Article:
Wii U, I look just like Buddy Holly
Jack didn’t choose to be in the underwater city of Rapture, in the cross-hairs of a civil war. Rapture’s citizens have become adam-fueled drug addicts, hoarding guns from vending machines, and peppering each other with bullets at every turn.
Smugglers risked the wrath of Rapture’s authorities to bring in fish and bibles into the desperate city. They couldn’t save people from starvation, so they tried to save souls. An audio diary from a reformed call girl asked if God can still hear their prayers this far down in the sea.
In Dunwall, Corvo returned to a city half-devoured by plague rats. He went around to the other islands to ask help on behalf of the Empress, and returned with polite but blunt replies. Politicians tried to quarantine the sickness in the poorer districts. The frazzled elite have authorized the military to kill anyone suspected of infection.
At the same time, Dunwall’s industrialization is in full throttle. Scientists and entrepreneurs built tech that can rival magic, racing to find a cure for the plague and cash in on the crisis. To keep their machines humming, they burned the cleanest and most impractical fuel they could find— whale oil. A platoon of whaling vessels hover around Dunwall’s shores, their decks slick with the leviathans’ blood.
Are these the worlds I’m meant to save?
The doomed city trope is an ol’ favorite of mine, having grown up on science fiction and pulpy fantasy books. Dystopian worlds are a staple of speculative fiction. If you ever want to wake up in cold sweat without dreaming of bodily horror, try exploring your bookstore’s science fiction rack.
If utopia is the dream of a perfect world, dystopia is a world gone completely to shit, with shit fountains in the courtyard spewing shit in every direction.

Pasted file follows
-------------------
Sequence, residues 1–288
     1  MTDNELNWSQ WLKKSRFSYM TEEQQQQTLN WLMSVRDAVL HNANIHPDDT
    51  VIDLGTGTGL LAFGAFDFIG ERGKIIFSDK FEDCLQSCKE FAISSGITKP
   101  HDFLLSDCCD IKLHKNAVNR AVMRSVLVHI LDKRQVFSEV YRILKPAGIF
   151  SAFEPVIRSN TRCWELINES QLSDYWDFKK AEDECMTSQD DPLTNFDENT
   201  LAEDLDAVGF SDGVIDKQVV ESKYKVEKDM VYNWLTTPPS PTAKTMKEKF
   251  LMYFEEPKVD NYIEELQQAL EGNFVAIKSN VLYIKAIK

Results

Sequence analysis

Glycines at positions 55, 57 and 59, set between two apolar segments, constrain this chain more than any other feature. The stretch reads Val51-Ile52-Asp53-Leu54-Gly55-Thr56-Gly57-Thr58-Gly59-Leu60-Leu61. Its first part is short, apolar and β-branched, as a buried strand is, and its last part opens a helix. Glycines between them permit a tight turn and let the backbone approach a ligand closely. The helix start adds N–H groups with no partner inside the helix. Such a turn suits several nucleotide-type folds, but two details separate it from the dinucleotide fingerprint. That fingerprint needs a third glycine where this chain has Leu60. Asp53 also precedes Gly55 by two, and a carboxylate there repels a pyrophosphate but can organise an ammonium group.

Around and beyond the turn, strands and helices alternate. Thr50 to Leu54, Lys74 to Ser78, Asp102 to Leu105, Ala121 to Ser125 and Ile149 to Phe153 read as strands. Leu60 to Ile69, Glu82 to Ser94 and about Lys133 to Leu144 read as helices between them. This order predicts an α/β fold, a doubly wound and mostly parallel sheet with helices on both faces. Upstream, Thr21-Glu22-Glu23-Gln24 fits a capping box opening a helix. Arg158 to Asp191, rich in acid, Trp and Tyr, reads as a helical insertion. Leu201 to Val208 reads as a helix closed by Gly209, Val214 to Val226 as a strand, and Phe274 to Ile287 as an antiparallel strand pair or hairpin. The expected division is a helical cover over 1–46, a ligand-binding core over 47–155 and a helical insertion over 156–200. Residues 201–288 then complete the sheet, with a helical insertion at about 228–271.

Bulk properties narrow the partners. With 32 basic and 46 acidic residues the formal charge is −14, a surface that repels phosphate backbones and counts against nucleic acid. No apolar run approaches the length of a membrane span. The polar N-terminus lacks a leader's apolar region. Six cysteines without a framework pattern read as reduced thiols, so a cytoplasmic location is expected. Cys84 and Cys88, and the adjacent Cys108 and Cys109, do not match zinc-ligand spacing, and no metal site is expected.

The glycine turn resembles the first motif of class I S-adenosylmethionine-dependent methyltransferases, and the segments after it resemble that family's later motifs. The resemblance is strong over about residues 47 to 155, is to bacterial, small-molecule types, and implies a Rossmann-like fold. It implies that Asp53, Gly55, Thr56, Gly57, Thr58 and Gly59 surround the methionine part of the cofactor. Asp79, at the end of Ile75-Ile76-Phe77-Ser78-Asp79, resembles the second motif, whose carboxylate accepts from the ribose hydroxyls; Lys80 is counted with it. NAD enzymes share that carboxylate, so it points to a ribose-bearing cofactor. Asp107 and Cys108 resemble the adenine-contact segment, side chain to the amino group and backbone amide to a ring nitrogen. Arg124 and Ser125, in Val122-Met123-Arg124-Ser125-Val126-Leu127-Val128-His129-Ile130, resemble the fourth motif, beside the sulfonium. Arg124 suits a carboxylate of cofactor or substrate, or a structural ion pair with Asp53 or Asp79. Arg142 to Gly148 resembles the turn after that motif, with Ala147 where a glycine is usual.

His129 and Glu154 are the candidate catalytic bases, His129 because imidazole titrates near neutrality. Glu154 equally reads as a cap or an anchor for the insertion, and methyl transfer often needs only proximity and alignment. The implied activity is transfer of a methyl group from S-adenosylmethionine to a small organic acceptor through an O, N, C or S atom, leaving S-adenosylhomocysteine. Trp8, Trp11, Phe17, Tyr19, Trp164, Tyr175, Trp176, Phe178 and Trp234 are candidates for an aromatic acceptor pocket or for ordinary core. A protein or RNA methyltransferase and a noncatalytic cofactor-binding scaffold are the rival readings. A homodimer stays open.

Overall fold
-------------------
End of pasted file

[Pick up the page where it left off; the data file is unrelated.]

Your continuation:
Once, perhaps, this world was redeemable. A handful of brave men and women probably tried to do their best, tried to make this world livable. But times have changed, and certain social issues have taken hold of the city— a widening chasm between social classes, maybe, or easy access to guns and drugs have turned the city into The Wire’s Hamsterdam.
Dystopian fiction is a powerful literary genre. Along with satire, dystopian fictions present real-world social commentary wrapped in sensationalized, entertaining tales.
Ray Bradbury imagined a society where books were illegal and had to be burned in Farenheit 451. He presented a world that stayed consistently safe and peaceful by emphasizing conformity. This world was terrified of dissenting opinions, so reading was discouraged. Instead, people spent their time watching TV and porn.
Aldous Huxley’s Brave New World showed a global state that has eliminated poverty. It seems like a utopia if it weren’t for the rigid social and class structure that enforces a population limit, celebrates passive acceptance of mediocrity, and doles out hard drugs to keep the public happy and docile.
It’s a no brainer for dystopian worlds to hop on to video games. While the video game hero will eventually face-off with the game’s big bad in an epic man vs. man conflict, setting the story in a craptastic world raises the level of the conflict to man vs. world. It’s not just one villainous character trying to kill you. Look around— even the walls want your blood.
Dystopia in video games have primarily been used to heighten the player’s suspense. Showing the player how bad it has become in Rapture and Dunwall gives us a mad voyeuristic thrill. Look at that lady with a gun in her baby carriage. She’s out of her mind, singing it a lullaby. Jeez. This man shuffles aimlessly, his arms covered in rat bites. He tells you he drowned his children in the bathtub to save them from sickness. Goddamn, son.
However, video game crapsack worlds tend to overlook one of the most important cornerstones of dystopian fiction: at the heart of it all, dystopias work as cautionary tales.
The world wasn’t this bad before. Then some assholes had a bright idea that backfired or was taken to the extreme, and now this world is a shithole. Don’t let this happen to your world.
Andrew Ryan had a dream when he built Rapture, a city where men can own the sweat of their brow. He ran away from the parasites of the surface world, from governments and institutions that that would have limited man’s greatness. He didn’t expect his city to tear itself apart from the inside. If only he had social structures that could have prevented all this violent and decadent consumption.
“Everything would have been simple if people just followed orders,” laments the Lord Regent as Dunwall falls about his ears. He thought he could save the city, but it’s all gone to shit now.